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In Review > North America

Das Rheingold

New York Philharmonic

In Review Rheingold Philharmonic hdl 817
NYPO Das Rheingold concert with Willis-Sørensen, Jagde, Van Horn, Owens, Barton and Gilbert (on podium)
© Chris Lee

THRILLINGLY SUNG  and sumptuously played, the New York Philharmonic’s concert version of Das Rheingold was a stirring reminder of what an audacious feat of imagination Wagner’s music drama truly is. This Rheingold, seen on June 1 in the first of a three-performance run, marked Alan Gilbert’s penultimate subscription program as the orchestra’s music director and served as a vivid demonstration of his virtues as a conductor. The work, over its two-and-a-half-hour span, emerged as an unbroken statement; the musical motifs—from the Rhine’s depths to the Nibelungs’ anvils to the rainbow bridge carrying the gods into Valhalla—seemed to transform organically, one into the next. 

A great cast truly sangthe work: there was nary a moment of strain or a “Bayreuth bark” to be heard all evening. This must surely be Gilbert’s achievement as much as that of his able performers. Despite the recalcitrant acoustic of David Geffen Hall, every note, every word was audible. The orchestra roared when it held center-stage but achieved perfect transparency when supporting the singers.

Eric Owens, in firmer voice than heard in recent encounters, was a vulnerable Wotan, not a heroic one. Even as he achieved his greatest triumph, this god seemed to sense thoroughly his future ruination. Jamie Barton, an opulent Fricka, delivered her wish for gold finery with such seductiveness that you wondered how Wotan could ever resist her blandishments. Russell Thomas was unusual casting as Loge—not a character tenor but a full-throated lirico-spinto. He was consistently musical in his approach, but I missed the quicksilver attack that some singers bring to the role; the singing didn’t flicker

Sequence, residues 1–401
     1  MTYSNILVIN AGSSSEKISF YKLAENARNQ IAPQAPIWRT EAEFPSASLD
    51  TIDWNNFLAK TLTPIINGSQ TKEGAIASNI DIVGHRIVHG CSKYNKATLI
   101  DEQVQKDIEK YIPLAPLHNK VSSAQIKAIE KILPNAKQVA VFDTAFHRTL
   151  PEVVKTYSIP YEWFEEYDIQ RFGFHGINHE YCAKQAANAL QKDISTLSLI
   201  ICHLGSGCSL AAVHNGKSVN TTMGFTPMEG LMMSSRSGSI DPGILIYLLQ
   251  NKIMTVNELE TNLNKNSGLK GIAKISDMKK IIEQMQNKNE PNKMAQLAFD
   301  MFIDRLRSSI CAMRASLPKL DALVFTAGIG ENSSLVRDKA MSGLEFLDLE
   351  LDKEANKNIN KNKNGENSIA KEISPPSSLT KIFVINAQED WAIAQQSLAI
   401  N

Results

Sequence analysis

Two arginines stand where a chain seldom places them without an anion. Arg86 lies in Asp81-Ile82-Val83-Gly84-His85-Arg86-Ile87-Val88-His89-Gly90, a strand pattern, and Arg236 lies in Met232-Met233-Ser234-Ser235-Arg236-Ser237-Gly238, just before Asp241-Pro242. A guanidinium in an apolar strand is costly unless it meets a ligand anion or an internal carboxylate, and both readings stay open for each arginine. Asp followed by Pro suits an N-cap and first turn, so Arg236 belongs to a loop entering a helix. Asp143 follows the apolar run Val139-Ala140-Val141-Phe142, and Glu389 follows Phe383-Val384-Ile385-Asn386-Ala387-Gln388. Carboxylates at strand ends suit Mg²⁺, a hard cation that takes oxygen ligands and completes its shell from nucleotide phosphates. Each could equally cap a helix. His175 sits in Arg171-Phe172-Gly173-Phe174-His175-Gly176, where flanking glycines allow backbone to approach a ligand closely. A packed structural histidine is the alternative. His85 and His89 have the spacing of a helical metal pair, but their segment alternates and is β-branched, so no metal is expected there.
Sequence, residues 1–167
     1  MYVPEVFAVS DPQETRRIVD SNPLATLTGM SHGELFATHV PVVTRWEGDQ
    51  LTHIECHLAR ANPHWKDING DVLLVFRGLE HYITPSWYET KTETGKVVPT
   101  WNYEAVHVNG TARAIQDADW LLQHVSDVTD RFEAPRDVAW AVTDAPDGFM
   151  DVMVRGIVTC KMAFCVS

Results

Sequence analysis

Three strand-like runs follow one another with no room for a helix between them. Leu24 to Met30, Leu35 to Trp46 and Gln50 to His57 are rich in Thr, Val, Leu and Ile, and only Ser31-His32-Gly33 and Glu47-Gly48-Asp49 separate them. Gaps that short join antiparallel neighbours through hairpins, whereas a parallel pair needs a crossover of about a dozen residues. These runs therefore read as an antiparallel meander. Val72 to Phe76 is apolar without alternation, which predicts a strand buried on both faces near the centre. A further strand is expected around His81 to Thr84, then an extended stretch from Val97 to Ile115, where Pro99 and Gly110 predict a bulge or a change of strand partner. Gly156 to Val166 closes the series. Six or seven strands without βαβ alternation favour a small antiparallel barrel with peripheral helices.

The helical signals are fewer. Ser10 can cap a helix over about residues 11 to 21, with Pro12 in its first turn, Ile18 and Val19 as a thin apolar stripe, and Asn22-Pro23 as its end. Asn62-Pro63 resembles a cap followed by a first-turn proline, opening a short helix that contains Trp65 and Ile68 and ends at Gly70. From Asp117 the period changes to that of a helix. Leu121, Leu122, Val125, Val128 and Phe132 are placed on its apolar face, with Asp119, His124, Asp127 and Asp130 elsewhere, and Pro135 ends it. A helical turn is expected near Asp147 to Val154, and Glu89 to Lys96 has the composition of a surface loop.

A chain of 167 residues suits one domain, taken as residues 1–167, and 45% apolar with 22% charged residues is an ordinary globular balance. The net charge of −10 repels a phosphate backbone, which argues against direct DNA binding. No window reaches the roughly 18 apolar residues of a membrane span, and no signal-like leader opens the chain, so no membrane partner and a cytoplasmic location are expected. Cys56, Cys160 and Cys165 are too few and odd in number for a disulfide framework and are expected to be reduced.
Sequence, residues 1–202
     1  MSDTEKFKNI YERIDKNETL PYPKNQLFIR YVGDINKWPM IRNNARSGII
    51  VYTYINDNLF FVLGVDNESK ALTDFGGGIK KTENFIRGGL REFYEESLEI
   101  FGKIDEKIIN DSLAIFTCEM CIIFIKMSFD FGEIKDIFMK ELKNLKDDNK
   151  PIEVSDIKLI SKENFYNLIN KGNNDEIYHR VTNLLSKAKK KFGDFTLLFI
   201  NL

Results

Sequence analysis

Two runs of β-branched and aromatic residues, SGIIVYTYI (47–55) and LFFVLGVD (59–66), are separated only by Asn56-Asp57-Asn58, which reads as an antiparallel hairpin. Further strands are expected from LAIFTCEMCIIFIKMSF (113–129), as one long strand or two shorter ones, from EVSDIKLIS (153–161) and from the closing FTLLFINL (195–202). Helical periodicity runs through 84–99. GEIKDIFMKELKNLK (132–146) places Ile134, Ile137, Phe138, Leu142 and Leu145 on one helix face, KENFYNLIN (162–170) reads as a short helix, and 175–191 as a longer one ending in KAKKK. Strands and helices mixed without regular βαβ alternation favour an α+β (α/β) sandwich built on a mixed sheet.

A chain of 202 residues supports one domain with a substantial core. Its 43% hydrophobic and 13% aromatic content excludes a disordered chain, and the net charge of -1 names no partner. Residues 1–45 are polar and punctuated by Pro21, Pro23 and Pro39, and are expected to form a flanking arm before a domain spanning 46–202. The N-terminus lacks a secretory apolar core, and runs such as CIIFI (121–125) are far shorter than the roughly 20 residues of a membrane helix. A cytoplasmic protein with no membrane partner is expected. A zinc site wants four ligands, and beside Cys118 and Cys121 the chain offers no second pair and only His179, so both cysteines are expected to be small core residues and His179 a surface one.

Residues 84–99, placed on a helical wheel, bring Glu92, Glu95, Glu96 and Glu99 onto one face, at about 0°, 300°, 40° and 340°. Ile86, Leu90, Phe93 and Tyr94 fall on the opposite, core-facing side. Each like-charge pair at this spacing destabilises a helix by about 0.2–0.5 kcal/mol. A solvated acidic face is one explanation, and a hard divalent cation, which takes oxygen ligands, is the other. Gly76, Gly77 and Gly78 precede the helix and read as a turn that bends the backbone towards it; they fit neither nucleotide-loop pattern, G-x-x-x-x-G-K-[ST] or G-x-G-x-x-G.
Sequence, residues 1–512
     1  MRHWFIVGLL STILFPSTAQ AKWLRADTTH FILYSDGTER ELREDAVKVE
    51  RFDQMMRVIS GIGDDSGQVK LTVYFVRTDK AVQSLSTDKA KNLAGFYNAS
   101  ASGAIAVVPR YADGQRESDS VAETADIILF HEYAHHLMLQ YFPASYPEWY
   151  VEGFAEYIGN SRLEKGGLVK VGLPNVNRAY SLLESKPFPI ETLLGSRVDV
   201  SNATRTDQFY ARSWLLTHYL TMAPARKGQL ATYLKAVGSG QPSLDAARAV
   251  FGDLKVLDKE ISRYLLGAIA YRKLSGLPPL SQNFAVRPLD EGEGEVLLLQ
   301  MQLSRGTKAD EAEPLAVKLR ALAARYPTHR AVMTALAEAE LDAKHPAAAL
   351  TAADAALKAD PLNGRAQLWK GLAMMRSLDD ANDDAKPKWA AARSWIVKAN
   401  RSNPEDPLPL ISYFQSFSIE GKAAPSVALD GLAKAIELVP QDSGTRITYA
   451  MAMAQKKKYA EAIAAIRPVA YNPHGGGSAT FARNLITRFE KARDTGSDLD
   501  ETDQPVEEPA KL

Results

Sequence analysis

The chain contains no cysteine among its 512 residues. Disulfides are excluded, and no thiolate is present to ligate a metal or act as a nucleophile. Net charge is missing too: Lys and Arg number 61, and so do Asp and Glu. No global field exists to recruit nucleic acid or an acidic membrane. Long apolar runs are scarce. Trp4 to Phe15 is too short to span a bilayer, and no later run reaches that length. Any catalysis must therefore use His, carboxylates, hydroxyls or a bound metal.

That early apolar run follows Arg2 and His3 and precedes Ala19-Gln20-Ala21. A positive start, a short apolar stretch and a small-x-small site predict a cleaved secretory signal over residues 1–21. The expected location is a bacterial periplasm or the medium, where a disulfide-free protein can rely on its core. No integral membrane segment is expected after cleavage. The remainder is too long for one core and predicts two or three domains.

The giants were both superb, and superbly contrasted. Stephen Milling’s voice was so inky that he seemed hardly to need to raise it above a murmur to make Fafner’s malevolence felt. Morris Robinson, his rolling bass astoundingly resonant, sang so beautifully that you could imagine an alternative Rheingold with Fasolt as its romantic hero. The generous scale of Rachel Willis-Sørensen’s singing as Freia made me hunger to hear her in Wagner’s more substantial jugendlich dramatische roles. Christian Van Horn was a stouthearted Donner, Brian Jagde a Froh with the projective force of a true heldentenor. The three Rhinemaidens—Jennifer Zetlan (Woglinde), Jennifer Johnson Cano (Wellgunde), Tamara Mumford (Flosshilde)—blended their voices in unerring synchrony, but each sounded like a star in her own right, Zetlan’s bold voicing of Woglinde’s coloratura providing particular pleasure. 

Considering the all-around excellence of the cast, it seems almost unfair to single out one member. But Christopher Purves’s Alberich was the breakout performance of the evening. His tone was firm and fully supported at all dynamics, from the dwarf’s insinuating whispers to his cries of rage. The hallmark of his singing was its lyricism: even at Alberich’s most venomous, you could hear the thwarted romantic longing that sets the opera into action. 

The concert was “semi-staged,” with Louisa Muller responsible for the movement. She was no more successful than most directors in figuring out how to deploy the godly onlookers while Wotan, Loge and the giants conduct their Scene 2 negotiations. But by fostering interactions between the performers, the staging enhanced the theatrical effectiveness of the presentation. And it allowed Purves to present a kind of tortured body language that was every bit as expressive as his singing. —Fred Cohn 

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